Uma* was trafficked from Africa to the Mediterranean and was sold to a wealthy couple who already had bought twelve other people they used as slaves. The couple (who were both doctors) starved Uma. They abused her emotionally and physically, and made her work 18-hour days until her health began to give way.
Amazingly, even though they would not allow her to leave the house, she was able to keep her cell phone hidden and connect to Wi-Fi. Her cell phone would end up being a vital part of her rescue.
Uma managed to find and contact an anti-trafficking hotline. The anti-trafficking hotline forwarded her information to an aftercare organization in her home country and they, in turn, contacted O.U.R.’s Aftercare team.
O.U.R.’s director of aftercare, Jessica Mass, called the cell phone number provided which ended up being Uma’s cell phone. Jessica thought Uma had already been rescued and was only in need of a plane ticket home and aftercare services once she arrived, but upon speaking with her she realized she was still being held captive. Uma said she had lost all hope and was on the verge of suicide. Jessica assured her that we would do everything we could and would contact our rescue team right away.
Aftercare and Operations work hand and hand. O.U.R.’s Operations Department has different teams around the world that each specialize in their geographical area. Luckily, O.U.R. has a team that has a background specifically working in this region. They are always willing and ready to go again, as needed.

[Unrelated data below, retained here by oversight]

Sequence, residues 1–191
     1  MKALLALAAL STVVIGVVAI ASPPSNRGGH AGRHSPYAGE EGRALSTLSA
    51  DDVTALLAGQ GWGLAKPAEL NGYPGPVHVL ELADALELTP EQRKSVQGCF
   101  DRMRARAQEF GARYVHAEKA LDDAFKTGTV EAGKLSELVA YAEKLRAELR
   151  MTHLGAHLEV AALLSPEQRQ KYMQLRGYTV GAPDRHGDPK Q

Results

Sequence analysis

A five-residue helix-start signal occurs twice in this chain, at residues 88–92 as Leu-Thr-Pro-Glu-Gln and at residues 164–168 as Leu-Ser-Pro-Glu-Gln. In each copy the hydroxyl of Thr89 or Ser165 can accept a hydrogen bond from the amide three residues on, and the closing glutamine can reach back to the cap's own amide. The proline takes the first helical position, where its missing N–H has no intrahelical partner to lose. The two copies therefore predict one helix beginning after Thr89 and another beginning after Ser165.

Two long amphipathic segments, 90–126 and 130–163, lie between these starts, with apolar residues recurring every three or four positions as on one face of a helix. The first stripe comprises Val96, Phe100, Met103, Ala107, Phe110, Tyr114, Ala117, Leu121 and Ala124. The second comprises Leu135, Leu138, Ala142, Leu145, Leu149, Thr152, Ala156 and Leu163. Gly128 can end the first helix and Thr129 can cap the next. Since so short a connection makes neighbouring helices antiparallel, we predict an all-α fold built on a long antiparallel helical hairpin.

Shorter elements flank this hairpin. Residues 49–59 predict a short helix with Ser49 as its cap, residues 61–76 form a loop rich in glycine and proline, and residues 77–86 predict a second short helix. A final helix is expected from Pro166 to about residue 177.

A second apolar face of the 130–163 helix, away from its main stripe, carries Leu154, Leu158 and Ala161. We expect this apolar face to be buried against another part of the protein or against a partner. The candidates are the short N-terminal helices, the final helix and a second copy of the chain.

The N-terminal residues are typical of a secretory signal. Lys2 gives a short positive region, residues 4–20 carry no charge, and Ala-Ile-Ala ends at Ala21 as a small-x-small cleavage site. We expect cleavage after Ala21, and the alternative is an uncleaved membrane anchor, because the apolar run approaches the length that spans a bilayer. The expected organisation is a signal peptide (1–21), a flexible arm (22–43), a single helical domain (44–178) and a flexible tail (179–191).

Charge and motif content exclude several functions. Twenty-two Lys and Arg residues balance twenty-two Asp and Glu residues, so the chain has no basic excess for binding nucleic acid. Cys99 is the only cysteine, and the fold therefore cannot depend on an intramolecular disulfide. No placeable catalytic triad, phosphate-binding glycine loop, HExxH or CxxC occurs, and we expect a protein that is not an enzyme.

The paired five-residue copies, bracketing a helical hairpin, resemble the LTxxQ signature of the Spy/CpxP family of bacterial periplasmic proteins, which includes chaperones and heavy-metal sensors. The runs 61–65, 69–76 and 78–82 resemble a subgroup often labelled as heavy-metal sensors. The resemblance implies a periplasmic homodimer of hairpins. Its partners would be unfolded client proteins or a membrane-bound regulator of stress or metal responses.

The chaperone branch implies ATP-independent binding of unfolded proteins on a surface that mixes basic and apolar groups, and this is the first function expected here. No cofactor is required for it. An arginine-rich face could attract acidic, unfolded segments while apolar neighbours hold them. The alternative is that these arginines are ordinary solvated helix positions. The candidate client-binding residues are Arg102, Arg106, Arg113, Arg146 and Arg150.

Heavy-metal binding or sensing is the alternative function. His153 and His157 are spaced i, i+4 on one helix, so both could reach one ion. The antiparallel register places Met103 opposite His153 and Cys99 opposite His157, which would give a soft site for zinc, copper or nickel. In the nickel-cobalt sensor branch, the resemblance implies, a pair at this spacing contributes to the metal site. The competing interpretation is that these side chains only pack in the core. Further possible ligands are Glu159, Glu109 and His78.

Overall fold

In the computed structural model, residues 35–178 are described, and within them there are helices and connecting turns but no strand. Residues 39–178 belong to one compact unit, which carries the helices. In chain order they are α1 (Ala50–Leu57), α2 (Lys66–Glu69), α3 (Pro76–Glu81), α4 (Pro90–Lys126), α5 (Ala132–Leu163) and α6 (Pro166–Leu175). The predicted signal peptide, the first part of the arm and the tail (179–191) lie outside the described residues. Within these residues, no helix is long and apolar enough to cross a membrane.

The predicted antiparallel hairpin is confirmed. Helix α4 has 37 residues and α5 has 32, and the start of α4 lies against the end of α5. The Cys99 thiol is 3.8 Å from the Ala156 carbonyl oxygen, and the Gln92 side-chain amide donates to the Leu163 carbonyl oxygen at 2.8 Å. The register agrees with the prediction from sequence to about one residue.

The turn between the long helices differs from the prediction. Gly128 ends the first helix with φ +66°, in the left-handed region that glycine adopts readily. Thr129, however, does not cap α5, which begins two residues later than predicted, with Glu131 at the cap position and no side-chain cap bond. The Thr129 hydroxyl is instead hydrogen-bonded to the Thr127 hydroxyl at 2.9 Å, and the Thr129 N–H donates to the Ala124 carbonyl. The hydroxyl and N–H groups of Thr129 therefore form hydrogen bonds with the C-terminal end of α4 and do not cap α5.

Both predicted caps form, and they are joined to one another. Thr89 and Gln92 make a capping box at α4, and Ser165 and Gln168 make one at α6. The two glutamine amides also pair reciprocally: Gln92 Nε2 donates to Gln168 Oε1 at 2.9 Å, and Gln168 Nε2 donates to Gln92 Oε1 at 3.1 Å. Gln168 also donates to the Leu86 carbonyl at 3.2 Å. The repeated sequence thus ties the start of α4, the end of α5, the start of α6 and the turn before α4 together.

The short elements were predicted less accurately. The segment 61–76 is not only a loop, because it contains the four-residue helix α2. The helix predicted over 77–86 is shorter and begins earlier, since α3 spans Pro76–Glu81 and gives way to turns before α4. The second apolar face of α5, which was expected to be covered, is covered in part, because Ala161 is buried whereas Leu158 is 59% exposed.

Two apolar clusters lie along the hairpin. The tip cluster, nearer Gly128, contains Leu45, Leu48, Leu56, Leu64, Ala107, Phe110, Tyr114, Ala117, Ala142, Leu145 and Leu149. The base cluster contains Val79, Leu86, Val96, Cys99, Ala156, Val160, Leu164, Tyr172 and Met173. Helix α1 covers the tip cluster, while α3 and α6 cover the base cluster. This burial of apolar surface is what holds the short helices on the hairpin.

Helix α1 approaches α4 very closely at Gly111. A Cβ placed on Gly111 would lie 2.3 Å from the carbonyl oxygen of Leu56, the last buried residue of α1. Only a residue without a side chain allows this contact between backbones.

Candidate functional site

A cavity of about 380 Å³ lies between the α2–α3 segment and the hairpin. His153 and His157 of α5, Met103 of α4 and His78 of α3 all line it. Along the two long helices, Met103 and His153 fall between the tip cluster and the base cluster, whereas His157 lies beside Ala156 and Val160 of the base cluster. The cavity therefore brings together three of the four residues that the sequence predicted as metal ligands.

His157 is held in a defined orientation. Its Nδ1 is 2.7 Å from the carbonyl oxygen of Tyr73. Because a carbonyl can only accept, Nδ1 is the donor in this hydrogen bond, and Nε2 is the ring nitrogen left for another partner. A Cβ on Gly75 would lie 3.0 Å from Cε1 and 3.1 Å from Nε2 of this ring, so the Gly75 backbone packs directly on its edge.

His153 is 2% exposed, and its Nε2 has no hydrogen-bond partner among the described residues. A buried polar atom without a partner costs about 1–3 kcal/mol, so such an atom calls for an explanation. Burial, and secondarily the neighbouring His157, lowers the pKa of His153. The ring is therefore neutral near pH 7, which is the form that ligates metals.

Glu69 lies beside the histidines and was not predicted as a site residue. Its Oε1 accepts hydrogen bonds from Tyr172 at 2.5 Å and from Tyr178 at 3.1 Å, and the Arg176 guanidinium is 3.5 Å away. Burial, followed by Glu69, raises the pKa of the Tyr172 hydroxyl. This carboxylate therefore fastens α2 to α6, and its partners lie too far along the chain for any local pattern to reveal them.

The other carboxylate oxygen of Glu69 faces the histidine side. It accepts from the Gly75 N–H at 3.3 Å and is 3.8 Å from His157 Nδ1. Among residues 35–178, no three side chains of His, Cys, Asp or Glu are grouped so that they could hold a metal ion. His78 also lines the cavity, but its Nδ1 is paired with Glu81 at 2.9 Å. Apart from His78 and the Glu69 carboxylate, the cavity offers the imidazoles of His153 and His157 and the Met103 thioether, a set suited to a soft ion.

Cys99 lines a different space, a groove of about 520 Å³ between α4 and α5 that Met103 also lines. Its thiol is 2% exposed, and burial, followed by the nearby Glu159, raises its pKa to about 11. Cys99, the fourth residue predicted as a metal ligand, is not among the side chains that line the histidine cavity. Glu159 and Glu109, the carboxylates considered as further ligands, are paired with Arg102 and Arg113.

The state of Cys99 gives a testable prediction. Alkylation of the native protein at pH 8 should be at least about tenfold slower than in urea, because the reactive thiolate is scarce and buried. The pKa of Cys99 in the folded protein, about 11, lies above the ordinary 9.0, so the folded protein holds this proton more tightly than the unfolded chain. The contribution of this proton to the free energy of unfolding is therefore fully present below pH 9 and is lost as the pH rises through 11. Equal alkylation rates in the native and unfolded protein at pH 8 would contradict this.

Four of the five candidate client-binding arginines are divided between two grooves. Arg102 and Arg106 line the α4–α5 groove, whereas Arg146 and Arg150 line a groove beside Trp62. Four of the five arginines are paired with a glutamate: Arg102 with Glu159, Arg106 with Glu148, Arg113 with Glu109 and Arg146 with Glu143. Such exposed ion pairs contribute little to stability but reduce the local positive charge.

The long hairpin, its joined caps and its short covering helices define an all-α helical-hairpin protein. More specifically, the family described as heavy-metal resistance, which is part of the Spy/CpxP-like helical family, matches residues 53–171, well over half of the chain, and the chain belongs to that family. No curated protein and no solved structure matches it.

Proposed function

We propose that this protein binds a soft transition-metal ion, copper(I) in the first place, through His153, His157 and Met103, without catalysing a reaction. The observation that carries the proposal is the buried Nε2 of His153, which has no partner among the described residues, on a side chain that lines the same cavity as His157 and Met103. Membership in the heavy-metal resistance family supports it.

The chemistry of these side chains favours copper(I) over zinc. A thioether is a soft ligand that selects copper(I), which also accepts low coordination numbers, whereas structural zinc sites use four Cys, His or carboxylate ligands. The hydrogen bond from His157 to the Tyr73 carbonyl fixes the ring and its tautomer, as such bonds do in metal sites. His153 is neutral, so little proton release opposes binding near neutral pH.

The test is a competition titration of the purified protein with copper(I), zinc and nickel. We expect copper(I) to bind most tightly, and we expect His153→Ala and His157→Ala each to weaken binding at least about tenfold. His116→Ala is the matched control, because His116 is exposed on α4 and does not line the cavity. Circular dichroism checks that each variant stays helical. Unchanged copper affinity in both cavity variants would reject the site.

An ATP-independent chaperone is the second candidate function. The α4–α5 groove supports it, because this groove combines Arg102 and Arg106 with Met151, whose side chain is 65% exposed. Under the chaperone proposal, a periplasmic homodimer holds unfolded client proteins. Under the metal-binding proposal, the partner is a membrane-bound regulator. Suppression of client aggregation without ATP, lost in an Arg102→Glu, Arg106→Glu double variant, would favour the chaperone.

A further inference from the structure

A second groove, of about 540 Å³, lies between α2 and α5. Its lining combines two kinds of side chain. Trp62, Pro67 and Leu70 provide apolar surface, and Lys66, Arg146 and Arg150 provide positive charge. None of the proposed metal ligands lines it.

Upon hearing of Uma’s plight, they immediately went into a dangerous part of the Mediterranean and found her. With her cell phone, she was able to send them pins of her location, as well as pictures of the outside of the house that she took through the window. The team was able to communicate with her to not give up and that they were coming for her. When she was rescued and out of harm’s way she said, “It took everything in me to not give up hope that you were coming.”
The rescue team took her to a safe house over three hours away for a short period of time and then, as soon as O.U.R. was able to buy her a plane ticket, they started on their way to the airport. Before they arrived, they realized there was a problem: Uma’s visa had been forged by the traffickers. Had they not caught this beforehand, she would have been detained at the airport. If she had been detained the chances of her being able to go home would have greatly decreased because it would have looked like she had tried to enter the country illegally.
The rescue team immediately took her back to the safe house and O.U.R.’s team was able to expedite the needed documentation for her to leave and quickly get her on another flight.
She returned to Africa last week and is now receiving support in an aftercare facility. She is so excited to be free again! She didn’t think anyone would come for her, but she fought for the chance to be free anyway. Because of organizations like O.U.R., as well as people like you who are donating time and money, she is safe and home.
*name changed for survivor’s protection
Put the National Human Trafficking Hotline in your phone, you never know who it could help rescue.